B.K: I do believe that the younger generation is more open-minded, understanding and susceptible to more compliant attitudes; I based my response on the older generations largely inexorable attitude towards religion and the wider opportunities for education provided to the current generation.

 GAYLAXY: Are there any special cultural challenges for gay Indo-Trinis?

B.K: My belief, as I come from a diverse cultural background, makes me oblivious to race, I would admit I do experience prejudice yet I would not always be able to distinguish if these unjustifiable treatments are due to my race or my sexuality/perceived orientation. However, I am familiar of close indo-Caribbean friends that do experience an added pressure in their struggle to understanding their sexuality caused by their strong ethnic family’s expectations, conformity and fulfilments.

 GAYLAXY: Social networking seems to have been heavily embraced by the LGBT community – how important has it been and has it made the voice of LGBT people stronger?

B.K: I would agree that social networking has indeed played a large role in facilitating the work done by our non-profit; FreePride Foundation Project. It has not only provided us the opportunities to reach information and communicate on a more timely level, but has also granted better opportunities to building relationships & resources as well as broaden our potential for our work to reach a larger targeted audience. The social platforms used have given the underground marginalized sexual orientation community in T&T a larger voice in advocacy, communications and resourcing.

 GAYLAXY: There still seems to be a disconnect between people’s online advocacy and their willingness to be out in public. Do you see that changing or is there still a fear of stigma and victimization?

 B.K: I would like to believe that the view is changing, when I was a very young teenager I once wanted nothing to do with “gay” activities, because I conformed to the belief that they were in some way bad people, however this view has changed significantly once I began to understand what exactly was the fear and how the associations blurred the truth. The LGBT community is large and vibrant in T&T yet in my opinion it lacks commutability to other priorities such as advocating for equal rights.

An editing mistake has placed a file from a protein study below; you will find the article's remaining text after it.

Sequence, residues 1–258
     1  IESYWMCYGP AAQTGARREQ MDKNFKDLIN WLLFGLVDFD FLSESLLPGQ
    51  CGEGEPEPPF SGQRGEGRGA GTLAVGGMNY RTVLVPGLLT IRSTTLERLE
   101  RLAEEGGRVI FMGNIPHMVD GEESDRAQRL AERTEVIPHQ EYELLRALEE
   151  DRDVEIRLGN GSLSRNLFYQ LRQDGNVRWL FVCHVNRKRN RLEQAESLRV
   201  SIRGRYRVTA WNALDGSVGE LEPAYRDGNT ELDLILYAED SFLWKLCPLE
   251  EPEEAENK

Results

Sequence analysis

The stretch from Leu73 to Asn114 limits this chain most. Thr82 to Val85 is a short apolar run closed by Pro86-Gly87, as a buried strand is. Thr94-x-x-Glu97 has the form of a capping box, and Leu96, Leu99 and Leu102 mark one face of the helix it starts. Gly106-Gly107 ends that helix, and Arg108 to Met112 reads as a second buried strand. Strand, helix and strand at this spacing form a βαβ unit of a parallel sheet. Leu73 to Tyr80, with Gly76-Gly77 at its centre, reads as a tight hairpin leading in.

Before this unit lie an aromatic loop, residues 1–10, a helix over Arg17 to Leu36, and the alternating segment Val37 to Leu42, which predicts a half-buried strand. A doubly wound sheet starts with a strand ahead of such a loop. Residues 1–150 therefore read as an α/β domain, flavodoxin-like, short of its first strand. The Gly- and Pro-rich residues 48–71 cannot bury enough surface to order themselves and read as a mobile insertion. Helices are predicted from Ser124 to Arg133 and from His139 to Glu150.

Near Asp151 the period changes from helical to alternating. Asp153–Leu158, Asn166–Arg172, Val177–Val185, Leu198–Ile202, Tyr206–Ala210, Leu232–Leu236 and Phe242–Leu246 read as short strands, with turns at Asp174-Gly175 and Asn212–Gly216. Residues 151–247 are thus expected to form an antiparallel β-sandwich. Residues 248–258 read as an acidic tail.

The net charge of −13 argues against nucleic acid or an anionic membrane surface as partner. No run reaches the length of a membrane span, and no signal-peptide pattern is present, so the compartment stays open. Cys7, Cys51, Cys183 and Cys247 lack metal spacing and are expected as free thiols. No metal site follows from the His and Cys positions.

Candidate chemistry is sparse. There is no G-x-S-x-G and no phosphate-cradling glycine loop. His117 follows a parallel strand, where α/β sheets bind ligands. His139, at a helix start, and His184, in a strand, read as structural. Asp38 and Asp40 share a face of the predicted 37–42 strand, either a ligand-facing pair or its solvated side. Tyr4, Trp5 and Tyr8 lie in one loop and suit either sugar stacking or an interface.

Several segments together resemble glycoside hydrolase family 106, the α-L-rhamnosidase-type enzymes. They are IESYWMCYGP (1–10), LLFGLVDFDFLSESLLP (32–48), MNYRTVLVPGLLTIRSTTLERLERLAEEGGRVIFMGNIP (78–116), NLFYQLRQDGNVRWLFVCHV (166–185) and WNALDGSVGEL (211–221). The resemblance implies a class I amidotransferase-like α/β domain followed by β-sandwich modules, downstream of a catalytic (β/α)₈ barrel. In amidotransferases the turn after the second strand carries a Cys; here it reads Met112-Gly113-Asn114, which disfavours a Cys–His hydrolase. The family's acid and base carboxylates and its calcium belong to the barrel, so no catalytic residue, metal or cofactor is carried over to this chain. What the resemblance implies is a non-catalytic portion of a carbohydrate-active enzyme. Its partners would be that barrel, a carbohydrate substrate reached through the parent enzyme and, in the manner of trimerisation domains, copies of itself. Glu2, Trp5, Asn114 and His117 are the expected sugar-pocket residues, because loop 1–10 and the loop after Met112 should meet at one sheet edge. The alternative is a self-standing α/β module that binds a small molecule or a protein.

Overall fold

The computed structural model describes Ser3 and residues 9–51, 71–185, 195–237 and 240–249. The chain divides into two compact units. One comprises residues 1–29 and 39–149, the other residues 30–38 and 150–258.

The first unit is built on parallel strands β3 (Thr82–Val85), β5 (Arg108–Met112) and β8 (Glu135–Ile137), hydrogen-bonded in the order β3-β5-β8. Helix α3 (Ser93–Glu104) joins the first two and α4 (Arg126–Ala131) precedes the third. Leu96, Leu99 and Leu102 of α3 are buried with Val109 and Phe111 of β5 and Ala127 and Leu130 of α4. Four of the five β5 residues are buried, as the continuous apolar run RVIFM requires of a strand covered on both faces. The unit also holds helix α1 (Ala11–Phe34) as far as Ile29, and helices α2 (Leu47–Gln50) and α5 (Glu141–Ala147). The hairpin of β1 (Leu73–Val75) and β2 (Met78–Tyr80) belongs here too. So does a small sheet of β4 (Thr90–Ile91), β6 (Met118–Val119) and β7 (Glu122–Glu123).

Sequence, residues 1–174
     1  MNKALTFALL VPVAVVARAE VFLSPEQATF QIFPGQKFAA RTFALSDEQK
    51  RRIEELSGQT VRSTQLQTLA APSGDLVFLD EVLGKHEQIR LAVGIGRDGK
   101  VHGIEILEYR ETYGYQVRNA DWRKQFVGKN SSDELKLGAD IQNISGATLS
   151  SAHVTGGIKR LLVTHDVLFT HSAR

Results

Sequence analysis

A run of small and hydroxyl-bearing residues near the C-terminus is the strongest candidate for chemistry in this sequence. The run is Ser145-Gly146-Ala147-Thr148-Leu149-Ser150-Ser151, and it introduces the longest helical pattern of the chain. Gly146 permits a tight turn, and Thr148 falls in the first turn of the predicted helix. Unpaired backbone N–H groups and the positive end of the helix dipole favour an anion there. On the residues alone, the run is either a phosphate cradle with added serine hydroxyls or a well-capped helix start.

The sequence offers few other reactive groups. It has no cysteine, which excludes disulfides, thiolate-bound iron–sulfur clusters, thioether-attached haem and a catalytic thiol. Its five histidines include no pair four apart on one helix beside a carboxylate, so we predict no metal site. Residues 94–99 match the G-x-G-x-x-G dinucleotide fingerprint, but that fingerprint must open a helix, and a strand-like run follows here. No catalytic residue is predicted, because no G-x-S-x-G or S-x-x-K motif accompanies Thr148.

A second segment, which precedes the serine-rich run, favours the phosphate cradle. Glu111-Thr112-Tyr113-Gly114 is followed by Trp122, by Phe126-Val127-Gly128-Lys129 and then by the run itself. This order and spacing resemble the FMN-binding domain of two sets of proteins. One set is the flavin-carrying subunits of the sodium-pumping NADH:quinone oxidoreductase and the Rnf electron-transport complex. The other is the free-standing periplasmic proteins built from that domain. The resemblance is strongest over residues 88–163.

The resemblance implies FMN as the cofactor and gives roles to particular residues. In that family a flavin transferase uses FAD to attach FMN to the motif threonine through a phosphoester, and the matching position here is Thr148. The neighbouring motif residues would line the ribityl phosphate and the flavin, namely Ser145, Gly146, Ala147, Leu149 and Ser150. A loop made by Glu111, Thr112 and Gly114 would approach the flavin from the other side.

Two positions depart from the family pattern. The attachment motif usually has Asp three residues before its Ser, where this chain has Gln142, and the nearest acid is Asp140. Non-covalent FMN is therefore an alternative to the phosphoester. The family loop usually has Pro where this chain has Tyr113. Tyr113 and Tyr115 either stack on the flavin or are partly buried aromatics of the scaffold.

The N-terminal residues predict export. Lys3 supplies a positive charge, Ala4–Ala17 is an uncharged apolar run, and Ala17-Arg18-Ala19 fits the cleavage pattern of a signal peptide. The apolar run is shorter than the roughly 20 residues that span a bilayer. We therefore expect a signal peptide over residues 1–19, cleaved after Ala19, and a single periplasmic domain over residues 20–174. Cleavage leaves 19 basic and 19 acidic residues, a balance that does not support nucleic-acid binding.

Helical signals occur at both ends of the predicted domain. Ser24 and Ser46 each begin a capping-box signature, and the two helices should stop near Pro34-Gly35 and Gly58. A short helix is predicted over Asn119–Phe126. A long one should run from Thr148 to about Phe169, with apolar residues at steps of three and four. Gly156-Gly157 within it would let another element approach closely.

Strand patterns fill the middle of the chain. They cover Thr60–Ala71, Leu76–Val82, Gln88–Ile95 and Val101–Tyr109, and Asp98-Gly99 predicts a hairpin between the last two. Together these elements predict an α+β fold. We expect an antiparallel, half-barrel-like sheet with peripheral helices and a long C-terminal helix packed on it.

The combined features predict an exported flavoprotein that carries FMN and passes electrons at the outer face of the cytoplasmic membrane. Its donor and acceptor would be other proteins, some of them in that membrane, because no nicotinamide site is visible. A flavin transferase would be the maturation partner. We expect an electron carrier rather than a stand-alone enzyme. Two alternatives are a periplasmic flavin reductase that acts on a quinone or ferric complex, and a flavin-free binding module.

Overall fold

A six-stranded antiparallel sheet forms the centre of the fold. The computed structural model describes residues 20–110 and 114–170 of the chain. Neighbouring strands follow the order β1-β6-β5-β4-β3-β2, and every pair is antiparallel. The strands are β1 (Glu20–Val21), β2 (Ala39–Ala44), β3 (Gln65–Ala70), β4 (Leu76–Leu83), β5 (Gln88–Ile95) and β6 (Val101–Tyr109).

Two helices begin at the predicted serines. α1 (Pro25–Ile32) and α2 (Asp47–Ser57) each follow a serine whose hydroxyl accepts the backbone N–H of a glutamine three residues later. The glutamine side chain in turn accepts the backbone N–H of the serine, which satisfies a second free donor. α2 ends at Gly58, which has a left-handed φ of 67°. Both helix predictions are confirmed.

As is in many other countries, movements and initiatives, mobilization is indeed a challenging obstacle to achieve, which takes patience, creativity, ingenuity and awareness. The people in Trinidad and Tobago need to understand, learn and appreciate the value and power they have in themselves as well as understand that there are many bigoted, extremist that are working hard to strip them of their human rights, dignity and safety.

The climate we live in, I would admit, is not the most ideal or pro-gay as other places such as California, USA; but we are not as unfortunate as is in Iran, Russia or Uganda. Each must protect themselves in events where the authorities fail as they often occur, yet there are other priorities that are more important than fear. The community must work together, to not let others define ourselves, as we are advised to act in a cautious manner yet determined; because as one it’s a voice but together it is roar.

 GAYLAXY: How did the idea of FreePride come about and what are its main goals?

 B.K: FreePride’s original intention was to encourage mobilization via an online avenue where local members can confidentially keep up-to-mark with information, news and resources regarding the marginalized non-hetero community. It was later discovered that Trinidad & Tobago lacked any substantial sexuality and sexual health education programmes accessible to all citizens. As the repercussion of it was now falling into light, the non-profit was further developed into an educational platform to provide the tools for one to build their knowledge on sexuality and sexual health topics. One of our fundamental goals is to provide advocates with the necessary tools to combat, distinguish & dissociate issues of misconceptions revolving around sexuality as well as actively promoting awareness for safe sexual health sustainability.